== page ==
Leon Worden

Angels or asphalt in the outfield?

By Leon Worden
Wednesday, September 23, 1998

ity officials have made assurances that the first phase of the Central Park in Saugus will be built, and the placement of traffic controls and signage last week seemed to clinch it. But the big question still remains: Will a major road run through the park one day? And will homes be built there?

The controversy flared when the Center City Steering Committee, whose members are the city of Santa Clarita, the Castaic Lake Water Agency and The Newhall Land and Farming Co., "unanimously agreed to recommend consideration of park alternatives," according to an Aug. 31 letter from committee chairman and city parks director Rick Putnam to the CLWA.

The concern is that the Central Park, slated for construction by the city on a 137-acre parcel owned by CLWA, might not happen quite the way the public and the City Council thought it would. The decision of the committee to explore "alternatives" to a park throws the future of the park into doubt.

Some members of the committee don't want to change the park plans. CLWA General Manager Robert Sagehorn was absent from the Aug. 19 meeting at which it was decided to explore alternatives. Therefore, Sagehorn said, "I think it was improper to say it was a unanimous vote."

At issue is the alignment of the future Santa Clarita Parkway and a potential swap of parkland for riverfront property owned by Newhall Land, with Newhall Land building homes on the Central Park site and a park going in on the Newhall Land property.

During park master plan discussions over the last two years, public participants recommended that Santa Clarita Parkway run along the western edge of the property so it wouldn't interfere with ball fields and other park amenities. That plan was approved by the City Council. So far the city has spent $40,000 on the master plan, approximately $300,000 for a water hookup and $350,000 on the blueprints for Phase 1, in addition to $330,000 for its share of the work of the Center City committee.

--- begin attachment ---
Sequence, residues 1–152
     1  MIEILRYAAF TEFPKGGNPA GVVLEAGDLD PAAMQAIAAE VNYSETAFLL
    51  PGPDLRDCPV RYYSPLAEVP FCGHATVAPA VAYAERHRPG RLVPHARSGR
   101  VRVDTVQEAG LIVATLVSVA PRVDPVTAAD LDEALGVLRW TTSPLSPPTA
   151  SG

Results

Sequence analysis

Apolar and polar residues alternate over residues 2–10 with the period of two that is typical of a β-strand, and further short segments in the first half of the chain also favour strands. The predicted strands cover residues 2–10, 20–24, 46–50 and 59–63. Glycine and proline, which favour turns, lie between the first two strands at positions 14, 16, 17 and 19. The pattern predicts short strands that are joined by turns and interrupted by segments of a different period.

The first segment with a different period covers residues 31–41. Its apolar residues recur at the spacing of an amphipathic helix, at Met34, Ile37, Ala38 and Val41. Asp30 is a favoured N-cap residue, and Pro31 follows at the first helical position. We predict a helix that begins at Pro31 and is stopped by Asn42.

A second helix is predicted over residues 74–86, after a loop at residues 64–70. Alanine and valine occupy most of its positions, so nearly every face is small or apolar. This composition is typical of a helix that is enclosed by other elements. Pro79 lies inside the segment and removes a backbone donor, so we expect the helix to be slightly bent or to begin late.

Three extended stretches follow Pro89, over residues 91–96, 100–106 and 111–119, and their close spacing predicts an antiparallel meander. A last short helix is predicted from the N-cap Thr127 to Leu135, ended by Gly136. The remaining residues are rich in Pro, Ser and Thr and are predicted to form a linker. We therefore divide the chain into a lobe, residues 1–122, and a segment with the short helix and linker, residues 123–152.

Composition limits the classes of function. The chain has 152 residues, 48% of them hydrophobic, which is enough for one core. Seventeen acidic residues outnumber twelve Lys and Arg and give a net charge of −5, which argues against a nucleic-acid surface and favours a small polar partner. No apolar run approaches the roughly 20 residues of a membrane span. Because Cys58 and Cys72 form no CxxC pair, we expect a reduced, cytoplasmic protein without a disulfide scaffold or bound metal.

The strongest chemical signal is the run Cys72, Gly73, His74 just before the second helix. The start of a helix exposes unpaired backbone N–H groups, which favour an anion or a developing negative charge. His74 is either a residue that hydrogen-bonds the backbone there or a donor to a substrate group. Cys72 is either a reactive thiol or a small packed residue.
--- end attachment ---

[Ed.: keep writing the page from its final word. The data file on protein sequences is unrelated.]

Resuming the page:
Under one scenario that the committee decided to explore Aug. 19, the road would bisect the phase-one soccer and baseball fields. CLWA doesn't want a road to bisect the park and doesn't want homes built there, board President Bill Cooper said. He said CLWA is opposed to building anything other than a park on the site because the land is needed as a buffer between its Rio Vista water treatment plant and nearby homes.

Sagehorn said the plant treats water with chemicals such as chlorine gas — the chief agent in mustard gas, used in World War I — and it wouldn't be a good idea to build homes below it. "The chemicals are enclosed, and we take all safety precautions. But those are mechanical things, and airplanes fall out of the sky," Sagehorn said.

Asked why the city was going ahead with the first phase of the park if it might be displaced by a road, Putnam said it could be eight or 10 years before the road is built, and at least the public would get "eight or 10 good years of use" out of the ball fields in the interim. Moreover, Putnam said that during the master planning of the park it was never "promised" that the road would go in one place or the other.

Paula Berriz, secretary of the SCV Youth Sports Association and a participant in the park planning, said, "(At first) we were told a road would never impact the park. Then we were told there was going to be a road. First it was going to be two lanes and then it was going to be six.

"My question is, if the council approved (the park) — twice — why are we proceeding in this manner?" Berriz said.

Berriz said she was "totally taken by surprise" when she learned that a road might bisect the park and that the parkland might be swapped with adjacent Newhall Land property. "But I'm not invited to every (Center City) meeting, so I don't know what happens in between." Berriz is a member of the Center City committee.

Mayor Jan Heidt told Cooper publicly that she "agreed with (him) very strongly" about maintaining the CLWA property as parkland. Mayor Pro Tem Jo Anne Darcy later added, "Several months ago I told staff I didn't want the (Central Park) plan changed."

Asked how the current discussions came to her attention, Councilwoman Jill Klajic said, "(City staff) came into my office and said to keep an open mind" about land use alternatives in the center city area. "I think we need to decide right now where the road is going to go," she said.

Klajic is right. Deciding now where the road will go, and reaffirming the council's commitment to use the CLWA property for a Central Park as planned, would end speculation about the future of the property.

    Leon Worden is The Signal's special sections editor.

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